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Inhibition of canonical WNT/β-catenin signaling is involved in leflunomide (LEF)-mediated cytotoxic effects on renal carcinoma cells

Leflunomide (LEF), an inhibitor of dihydroorotate dehydrogenase (DHODH) in pyrimidine biosynthetic pathway, is an immunomodulatory agent approved for the treatment of rheumatoid arthritis. In this study, we show that LEF significantly reduced cell proliferation of renal carcinoma cells in a concentr... Full description

Journal Title: Oncotarget 02 August 2016, Vol.7(31), pp.50401-50416
Main Author: Chen, Yicheng
Other Authors: Huang, Qiaoli , Zhou, Hua , Wang, Yueping , Hu, Xian , Li, Tao
Format: Electronic Article Electronic Article
Language: English
Subjects:
ID: E-ISSN: 1949-2553 ; PMID: 27391060 Version:1 ; DOI: 10.18632/oncotarget.10409
Link: http://pubmed.gov/27391060
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recordid: medline27391060
title: Inhibition of canonical WNT/β-catenin signaling is involved in leflunomide (LEF)-mediated cytotoxic effects on renal carcinoma cells
format: Article
creator:
  • Chen, Yicheng
  • Huang, Qiaoli
  • Zhou, Hua
  • Wang, Yueping
  • Hu, Xian
  • Li, Tao
subjects:
  • Wnt/Β-Catenin Signaling
  • Cytotoxicity
  • Leflunomide
  • Renal Cell Carcinoma
  • Carcinoma, Renal Cell -- Drug Therapy
  • Isoxazoles -- Pharmacology
  • Wnt3a Protein -- Metabolism
  • Beta Catenin -- Metabolism
ispartof: Oncotarget, 02 August 2016, Vol.7(31), pp.50401-50416
description: Leflunomide (LEF), an inhibitor of dihydroorotate dehydrogenase (DHODH) in pyrimidine biosynthetic pathway, is an immunomodulatory agent approved for the treatment of rheumatoid arthritis. In this study, we show that LEF significantly reduced cell proliferation of renal carcinoma cells in a concentration-dependent manner. LEF at 50 μM induced S-phase arrest and autophagy. Higher doses of LEF (>50 μM) effectively induced cell apoptosis. Modulating the concentration of LEF resulted in distinct effects on the expression of regulatory proteins associated with cell cycle, apoptosis, and autophagy. In particular, high concentrations of LEF inhibited canonical WNT signaling by promoting nucleo-cytoplasmic shuttling and proteasome-dependent degradation of β-catenin. Mechanistic studies showed that the repression of AKT activation partly accounted for LEF-mediated WNT inhibition. Gene expression microarray revealed that LEF treatment greatly inhibited the expression of FZD10 gene, a receptor mediating WNT/β-catenin activation. In vivo xenograft study in NOD/SCID mice further validated the inhibitory effects of LEF on tumor growth and Wnt/β-catenin signaling. However, LEF treatment also triggered cell autophagy and elevated the expression of WNT3a, which ameliorated its cytotoxic effects. The combination of LEF with a WNT inhibitor IWP-2 or autophagy inhibitor HCQ could yield an enhanced anti-tumor outcome. Taken together, these results identify the potential utility and pharmacological feature of LEF in the chemotherapy of renal cell carcinoma (RCC).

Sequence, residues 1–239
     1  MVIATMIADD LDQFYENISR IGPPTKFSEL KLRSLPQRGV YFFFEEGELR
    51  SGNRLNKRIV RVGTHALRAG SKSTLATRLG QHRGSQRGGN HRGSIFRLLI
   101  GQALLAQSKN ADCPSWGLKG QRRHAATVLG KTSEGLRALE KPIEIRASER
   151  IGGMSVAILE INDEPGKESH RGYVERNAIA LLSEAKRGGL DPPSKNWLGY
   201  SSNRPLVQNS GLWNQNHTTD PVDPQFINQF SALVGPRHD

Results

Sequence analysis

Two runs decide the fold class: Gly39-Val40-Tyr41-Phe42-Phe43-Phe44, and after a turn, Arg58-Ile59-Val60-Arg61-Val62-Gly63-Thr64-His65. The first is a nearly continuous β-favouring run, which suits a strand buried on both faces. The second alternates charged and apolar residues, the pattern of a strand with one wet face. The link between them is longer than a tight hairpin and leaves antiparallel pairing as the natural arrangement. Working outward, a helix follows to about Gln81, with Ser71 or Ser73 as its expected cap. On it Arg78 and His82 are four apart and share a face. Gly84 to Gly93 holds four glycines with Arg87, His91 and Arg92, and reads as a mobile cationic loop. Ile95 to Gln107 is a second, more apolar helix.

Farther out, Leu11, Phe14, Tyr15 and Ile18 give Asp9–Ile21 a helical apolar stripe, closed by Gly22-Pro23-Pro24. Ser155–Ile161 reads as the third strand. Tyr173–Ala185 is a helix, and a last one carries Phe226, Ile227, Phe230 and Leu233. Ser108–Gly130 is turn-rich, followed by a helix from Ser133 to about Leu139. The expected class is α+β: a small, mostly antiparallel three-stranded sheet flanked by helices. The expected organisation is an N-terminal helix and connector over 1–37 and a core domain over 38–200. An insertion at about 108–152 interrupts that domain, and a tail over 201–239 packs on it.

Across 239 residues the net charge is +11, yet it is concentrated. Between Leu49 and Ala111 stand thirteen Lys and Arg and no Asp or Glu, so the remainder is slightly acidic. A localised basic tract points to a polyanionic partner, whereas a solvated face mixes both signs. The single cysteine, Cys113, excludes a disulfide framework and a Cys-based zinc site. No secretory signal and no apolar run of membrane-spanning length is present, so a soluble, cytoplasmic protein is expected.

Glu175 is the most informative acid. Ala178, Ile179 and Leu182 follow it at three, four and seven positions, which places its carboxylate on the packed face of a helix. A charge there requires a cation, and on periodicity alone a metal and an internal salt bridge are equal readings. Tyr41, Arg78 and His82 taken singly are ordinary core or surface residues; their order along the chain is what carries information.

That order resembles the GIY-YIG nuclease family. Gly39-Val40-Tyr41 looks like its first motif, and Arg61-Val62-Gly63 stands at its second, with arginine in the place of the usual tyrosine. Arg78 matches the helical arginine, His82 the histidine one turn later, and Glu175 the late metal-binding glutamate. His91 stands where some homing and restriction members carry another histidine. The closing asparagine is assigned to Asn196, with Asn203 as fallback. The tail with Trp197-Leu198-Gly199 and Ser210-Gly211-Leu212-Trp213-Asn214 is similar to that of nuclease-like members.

language: eng
source:
identifier: E-ISSN: 1949-2553 ; PMID: 27391060 Version:1 ; DOI: 10.18632/oncotarget.10409
fulltext: fulltext
issn:
  • 19492553
  • 1949-2553
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titleInhibition of canonical WNT/β-catenin signaling is involved in leflunomide (LEF)-mediated cytotoxic effects on renal carcinoma cells
creatorChen, Yicheng ; Huang, Qiaoli ; Zhou, Hua ; Wang, Yueping ; Hu, Xian ; Li, Tao
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subjectWnt/Β-Catenin Signaling ; Cytotoxicity ; Leflunomide ; Renal Cell Carcinoma ; Carcinoma, Renal Cell -- Drug Therapy ; Isoxazoles -- Pharmacology ; Wnt3a Protein -- Metabolism ; Beta Catenin -- Metabolism